Re: [asa] Question on recent OBE study, NDE

From: Christine Smith <christine_mb_smith@yahoo.com>
Date: Fri Aug 24 2007 - 13:05:28 EDT

See my responses below...

--- David Campbell <pleuronaia@gmail.com> wrote:

> > However, in a near-death experience (NDE),
> especially
> > those when a person has been declared clinically
> dead
> > (which as I understand it, means there's no brain
> > activity), am I correct in thinking that the
> findings
> > of this recent OBE study would not be applicable,
> > because the brain is not receiving and/or
> processing
> > sensory information (i.e. the person's eyes are
> > closed, there's no activity in regions of the
> brain
> > that would normally process such information)?
>
> I don't know how many of the stories are actually
> accompanied by solid
> evidence of lacking brain activity. The two
> examples I know of
> personally involved the emergency room personnel not
> anticipating
> survival, but no mention of specific assessment of
> brain activity. If
> the brain is not receiving normal stimuli, it can
> start to mistake
> other things for real sensory input. Of course,
> that doesn't explain
> why a particular set of coherent impressions would
> result, but it does
> suggest that there may be similar physical processes
> going on (even if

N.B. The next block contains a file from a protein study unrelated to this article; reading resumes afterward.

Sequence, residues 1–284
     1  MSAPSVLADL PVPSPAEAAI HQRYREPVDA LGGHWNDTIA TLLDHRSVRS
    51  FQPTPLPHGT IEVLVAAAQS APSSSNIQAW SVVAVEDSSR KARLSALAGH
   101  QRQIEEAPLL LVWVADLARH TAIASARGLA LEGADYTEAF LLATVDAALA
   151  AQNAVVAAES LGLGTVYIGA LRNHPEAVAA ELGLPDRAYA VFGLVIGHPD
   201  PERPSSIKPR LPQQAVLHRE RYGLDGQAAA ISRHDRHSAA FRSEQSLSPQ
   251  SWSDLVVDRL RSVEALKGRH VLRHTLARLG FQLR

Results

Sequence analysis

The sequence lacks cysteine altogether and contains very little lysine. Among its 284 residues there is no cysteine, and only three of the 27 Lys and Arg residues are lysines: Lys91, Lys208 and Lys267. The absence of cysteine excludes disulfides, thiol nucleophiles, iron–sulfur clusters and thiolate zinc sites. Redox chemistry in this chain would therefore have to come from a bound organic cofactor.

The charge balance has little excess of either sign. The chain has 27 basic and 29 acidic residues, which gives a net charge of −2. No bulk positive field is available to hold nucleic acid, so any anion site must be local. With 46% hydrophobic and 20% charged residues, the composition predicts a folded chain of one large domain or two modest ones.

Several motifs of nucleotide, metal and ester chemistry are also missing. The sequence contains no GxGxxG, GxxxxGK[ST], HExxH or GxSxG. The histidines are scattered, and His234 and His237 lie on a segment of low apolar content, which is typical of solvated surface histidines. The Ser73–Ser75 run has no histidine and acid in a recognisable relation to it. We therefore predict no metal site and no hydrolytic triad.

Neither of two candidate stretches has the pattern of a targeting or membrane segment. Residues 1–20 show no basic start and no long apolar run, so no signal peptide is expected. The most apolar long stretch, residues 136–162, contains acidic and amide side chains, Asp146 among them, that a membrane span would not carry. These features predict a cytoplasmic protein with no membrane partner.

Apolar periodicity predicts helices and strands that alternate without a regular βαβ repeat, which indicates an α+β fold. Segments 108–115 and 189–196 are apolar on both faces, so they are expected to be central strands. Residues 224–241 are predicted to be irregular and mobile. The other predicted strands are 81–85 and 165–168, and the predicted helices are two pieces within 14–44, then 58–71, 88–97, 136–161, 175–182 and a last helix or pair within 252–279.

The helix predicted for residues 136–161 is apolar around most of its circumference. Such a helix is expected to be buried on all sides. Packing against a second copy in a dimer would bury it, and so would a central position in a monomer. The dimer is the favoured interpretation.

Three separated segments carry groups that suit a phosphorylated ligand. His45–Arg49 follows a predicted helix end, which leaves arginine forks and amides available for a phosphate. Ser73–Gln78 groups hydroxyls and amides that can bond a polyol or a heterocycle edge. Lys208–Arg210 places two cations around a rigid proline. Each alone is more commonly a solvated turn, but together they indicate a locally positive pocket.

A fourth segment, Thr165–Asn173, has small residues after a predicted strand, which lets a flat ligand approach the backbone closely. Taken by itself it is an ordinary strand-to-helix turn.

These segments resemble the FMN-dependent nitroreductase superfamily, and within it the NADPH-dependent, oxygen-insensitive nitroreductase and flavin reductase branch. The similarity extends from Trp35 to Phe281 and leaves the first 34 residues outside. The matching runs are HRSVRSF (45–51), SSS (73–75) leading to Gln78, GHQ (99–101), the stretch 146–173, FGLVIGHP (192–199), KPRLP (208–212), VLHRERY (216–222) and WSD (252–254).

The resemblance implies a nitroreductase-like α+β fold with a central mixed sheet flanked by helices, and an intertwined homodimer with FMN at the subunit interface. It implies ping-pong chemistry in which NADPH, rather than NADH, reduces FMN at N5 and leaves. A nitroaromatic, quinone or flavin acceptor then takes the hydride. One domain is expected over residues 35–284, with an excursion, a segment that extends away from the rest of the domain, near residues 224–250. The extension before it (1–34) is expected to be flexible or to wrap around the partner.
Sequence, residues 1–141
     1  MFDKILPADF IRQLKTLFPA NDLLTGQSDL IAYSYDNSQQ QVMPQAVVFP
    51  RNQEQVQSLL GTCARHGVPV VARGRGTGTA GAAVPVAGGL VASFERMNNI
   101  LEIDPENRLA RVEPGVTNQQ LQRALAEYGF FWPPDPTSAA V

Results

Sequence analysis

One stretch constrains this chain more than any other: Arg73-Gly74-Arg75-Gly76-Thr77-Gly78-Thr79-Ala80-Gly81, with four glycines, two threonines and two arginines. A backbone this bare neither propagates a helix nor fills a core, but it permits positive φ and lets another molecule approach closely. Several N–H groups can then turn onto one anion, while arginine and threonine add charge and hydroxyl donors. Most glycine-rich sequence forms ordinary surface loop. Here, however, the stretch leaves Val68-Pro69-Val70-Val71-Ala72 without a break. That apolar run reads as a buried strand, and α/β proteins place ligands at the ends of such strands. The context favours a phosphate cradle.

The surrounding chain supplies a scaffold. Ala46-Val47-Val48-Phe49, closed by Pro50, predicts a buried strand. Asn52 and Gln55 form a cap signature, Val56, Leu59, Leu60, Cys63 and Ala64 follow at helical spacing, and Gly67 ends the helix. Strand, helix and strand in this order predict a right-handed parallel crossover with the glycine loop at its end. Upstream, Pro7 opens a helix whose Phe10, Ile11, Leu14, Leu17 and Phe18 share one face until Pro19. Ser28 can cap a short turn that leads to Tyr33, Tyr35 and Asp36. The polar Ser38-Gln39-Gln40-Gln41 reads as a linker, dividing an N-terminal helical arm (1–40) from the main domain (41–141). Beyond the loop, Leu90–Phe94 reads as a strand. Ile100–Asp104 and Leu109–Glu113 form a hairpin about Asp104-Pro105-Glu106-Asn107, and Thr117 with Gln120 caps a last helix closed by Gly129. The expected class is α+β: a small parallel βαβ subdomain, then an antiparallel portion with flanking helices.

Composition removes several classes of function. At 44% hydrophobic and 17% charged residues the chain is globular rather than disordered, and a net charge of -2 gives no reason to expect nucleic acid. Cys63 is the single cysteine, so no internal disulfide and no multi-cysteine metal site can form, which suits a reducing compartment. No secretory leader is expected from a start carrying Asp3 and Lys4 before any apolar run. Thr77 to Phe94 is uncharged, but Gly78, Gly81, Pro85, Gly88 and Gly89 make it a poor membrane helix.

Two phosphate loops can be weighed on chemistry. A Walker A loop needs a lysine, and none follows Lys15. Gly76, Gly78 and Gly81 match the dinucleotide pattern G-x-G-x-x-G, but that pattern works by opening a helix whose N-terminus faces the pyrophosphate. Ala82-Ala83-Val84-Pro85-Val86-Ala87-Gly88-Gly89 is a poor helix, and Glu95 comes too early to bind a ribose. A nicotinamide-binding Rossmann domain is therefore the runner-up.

> the causative agent were a spiritual experience,
> presumably there must
> be some way of transmitting that into the neurons of
> the brain).
>
Aside from anecdotal stories (some of which, if true,
would be hard to explain scientifically I think), I
have found one study on-line that specified that the
patients were in a clinically dead state:
http://sedna.no.sapo.pt/death_scresearch/pdf_docs/sdm_nde.pdf,
with a rebuttal to skeptic Michael Shermer here:
http://www.skepticalinvestigations.org/whoswho/vanLommel.htm
(I couldn't find Shermer's critique on-line) I would
imagine there are probably others out there as well?

>
> My father's purported near-death experience might be
> of interest. No
> bright lights or voices, though. When he was
> hospitalized to drain
> excess pericardial fluid, a nurse saw the monitor go
> to a flat line
> and rushed in to find him sitting up and combing his
> hair. The flat
> line was merely due to a loose clip on the monitor
> wire, but I was
> able to point out that combing showed he had been
> de-parted.
>

How funny! :D

Christine

> --
> Dr. David Campbell
> 425 Scientific Collections
> University of Alabama
> "I think of my happy condition, surrounded by acres
> of clams"
>

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Received on Fri Aug 24 13:06:01 2007

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